Choosing a CFD Solver
If you are new to computational fluid dynamics, selecting a CFD solver can sometimes be a daunting task. There are a bewildering variety of choices.
Commercial CFD Packages
Even though I make
developing non-commercial CFD codes and helping people use them, it must be said that commercial packages are a good solution for many organizations. So before we dive into the discussion of the various non-commercial CFD solvers, we need to make a quick side trip to the world of commercial software.
If you are looking at commercial CFD packages,
evaluate the different alternatives carefully
to be sure you're getting the right solution for your organization. There are many reputable companies that offer different CFD packages which cover the whole spectrum from highly customized expert systems, to stand-alone solvers, to all-in-one packages that attempt to provide everything you need to do CFD at your company. Follow the link for
a short discussion of just a few of them.
One size does not fit all, however, and sometimes businesses find that their needs require a different approach, either for a single project, or for all of their CFD simulations. For example, your projects might require the inclusion of terms in the governing equations which are normally neglected (because they're very small in most cases). Or, you might require a higher order scheme than is commonly available (for an acoustics application, perhaps). Or maybe your budget just won't stretch for the licensing costs.
Whatever your reason, if you need something besides the commercial packages, there are many high quality CFD solvers which are freely available from one source or another. Here are some thumbnail reviews of some of them. Where present, you can follow the links to more detailed descriptions of the software you're interested in.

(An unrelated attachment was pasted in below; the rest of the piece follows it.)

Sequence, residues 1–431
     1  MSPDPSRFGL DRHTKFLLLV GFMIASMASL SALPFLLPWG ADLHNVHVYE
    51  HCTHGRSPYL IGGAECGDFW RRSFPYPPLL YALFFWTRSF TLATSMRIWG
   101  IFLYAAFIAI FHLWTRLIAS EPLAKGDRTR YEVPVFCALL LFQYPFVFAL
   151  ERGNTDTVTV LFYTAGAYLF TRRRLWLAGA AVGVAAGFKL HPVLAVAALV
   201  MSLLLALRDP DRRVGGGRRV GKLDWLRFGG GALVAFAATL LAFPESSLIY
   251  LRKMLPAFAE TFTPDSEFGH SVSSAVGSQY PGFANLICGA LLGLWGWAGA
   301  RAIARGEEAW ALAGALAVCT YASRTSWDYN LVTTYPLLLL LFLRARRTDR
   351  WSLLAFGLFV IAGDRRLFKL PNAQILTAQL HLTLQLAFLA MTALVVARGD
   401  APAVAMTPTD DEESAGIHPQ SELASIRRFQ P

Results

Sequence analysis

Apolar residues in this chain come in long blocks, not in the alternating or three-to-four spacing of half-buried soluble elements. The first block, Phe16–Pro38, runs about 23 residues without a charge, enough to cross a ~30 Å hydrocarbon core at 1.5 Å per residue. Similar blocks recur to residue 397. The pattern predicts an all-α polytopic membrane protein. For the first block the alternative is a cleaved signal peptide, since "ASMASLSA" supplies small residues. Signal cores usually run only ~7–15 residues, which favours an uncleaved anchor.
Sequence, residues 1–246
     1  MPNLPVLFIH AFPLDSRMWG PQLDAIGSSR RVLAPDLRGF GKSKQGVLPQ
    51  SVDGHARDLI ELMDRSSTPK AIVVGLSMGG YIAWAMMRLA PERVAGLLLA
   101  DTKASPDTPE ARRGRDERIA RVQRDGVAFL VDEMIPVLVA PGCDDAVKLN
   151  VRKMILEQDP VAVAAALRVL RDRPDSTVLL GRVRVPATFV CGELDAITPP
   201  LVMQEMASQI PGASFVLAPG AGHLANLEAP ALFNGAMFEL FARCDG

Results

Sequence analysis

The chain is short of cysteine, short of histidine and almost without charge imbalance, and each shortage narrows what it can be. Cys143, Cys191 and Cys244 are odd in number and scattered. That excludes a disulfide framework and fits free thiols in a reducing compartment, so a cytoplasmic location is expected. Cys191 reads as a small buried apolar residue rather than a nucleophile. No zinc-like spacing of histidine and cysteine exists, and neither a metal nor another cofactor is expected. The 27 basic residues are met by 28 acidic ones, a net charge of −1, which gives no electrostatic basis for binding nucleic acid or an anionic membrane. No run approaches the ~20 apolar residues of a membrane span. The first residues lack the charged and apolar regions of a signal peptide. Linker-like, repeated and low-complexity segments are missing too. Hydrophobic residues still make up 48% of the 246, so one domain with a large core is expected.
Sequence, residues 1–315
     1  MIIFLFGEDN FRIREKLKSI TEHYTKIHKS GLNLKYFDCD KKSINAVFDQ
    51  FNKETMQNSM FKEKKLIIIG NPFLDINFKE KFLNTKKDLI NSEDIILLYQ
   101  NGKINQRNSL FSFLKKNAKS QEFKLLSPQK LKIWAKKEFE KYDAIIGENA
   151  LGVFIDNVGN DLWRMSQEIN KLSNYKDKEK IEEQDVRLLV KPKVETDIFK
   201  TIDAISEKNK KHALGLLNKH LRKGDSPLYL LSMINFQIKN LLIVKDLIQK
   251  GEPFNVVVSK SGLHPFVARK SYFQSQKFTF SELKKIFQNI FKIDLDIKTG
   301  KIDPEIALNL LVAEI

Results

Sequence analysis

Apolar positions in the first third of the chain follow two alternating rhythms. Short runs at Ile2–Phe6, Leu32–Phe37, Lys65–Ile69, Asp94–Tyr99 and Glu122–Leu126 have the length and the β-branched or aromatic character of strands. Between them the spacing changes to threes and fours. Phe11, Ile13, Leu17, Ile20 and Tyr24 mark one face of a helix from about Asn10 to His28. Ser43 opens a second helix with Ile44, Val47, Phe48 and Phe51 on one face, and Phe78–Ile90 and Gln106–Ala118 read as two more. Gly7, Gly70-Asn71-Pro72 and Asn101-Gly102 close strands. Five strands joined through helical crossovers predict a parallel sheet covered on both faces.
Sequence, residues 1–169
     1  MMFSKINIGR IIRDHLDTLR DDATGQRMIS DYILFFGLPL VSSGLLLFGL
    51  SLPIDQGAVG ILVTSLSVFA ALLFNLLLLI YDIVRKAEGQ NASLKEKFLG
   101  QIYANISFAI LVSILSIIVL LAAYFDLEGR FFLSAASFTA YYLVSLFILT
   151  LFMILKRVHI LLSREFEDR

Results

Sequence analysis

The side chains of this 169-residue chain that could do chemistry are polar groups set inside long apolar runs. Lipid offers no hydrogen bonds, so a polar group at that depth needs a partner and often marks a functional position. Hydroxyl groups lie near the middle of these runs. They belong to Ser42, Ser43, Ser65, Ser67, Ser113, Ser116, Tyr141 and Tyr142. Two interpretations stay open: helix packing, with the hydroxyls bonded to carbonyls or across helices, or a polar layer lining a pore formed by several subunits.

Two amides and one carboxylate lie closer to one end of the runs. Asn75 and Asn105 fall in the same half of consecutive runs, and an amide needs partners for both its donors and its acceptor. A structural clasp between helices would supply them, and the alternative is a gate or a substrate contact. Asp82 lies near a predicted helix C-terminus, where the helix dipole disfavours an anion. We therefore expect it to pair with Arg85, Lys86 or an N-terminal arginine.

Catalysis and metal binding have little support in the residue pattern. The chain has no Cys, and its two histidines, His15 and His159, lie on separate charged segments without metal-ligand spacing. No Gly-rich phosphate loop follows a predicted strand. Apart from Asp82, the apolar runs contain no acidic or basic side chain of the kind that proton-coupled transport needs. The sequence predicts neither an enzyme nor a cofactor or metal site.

What about the many packages I haven't covered here? If you are a developer or user of another package, you can
contribute your own tip or review of a free cfd solver.
You can also see and comment on the reviews that other users have submitted.
This is the code
I use for
a lot of my CFD work,
whether development or applications. It solves the compressible Euler or Navier-Stokes equations, but beyond that, it is about as flexible a code as any I've encountered. There are
numerous options for the handling of flow physics
and many different
computational grid topologies
can be handled. Also, Wind-US can be
run in parallel
in many different ways.
Along with the CFD solver there are
numerous other utilities
that come with it to make your life a bit easier. In summary, Wind-US is not the best code for everything, but it can be applied to more different areas than many other codes. It is freely available (including source code) to U.S. organizations (see the license for restrictions). If that sounds like what you need, check it out.
In November 2011, the NPARC Alliance released Wind-US version 3.0. I have a review of the new features of
this free cfd analysis software.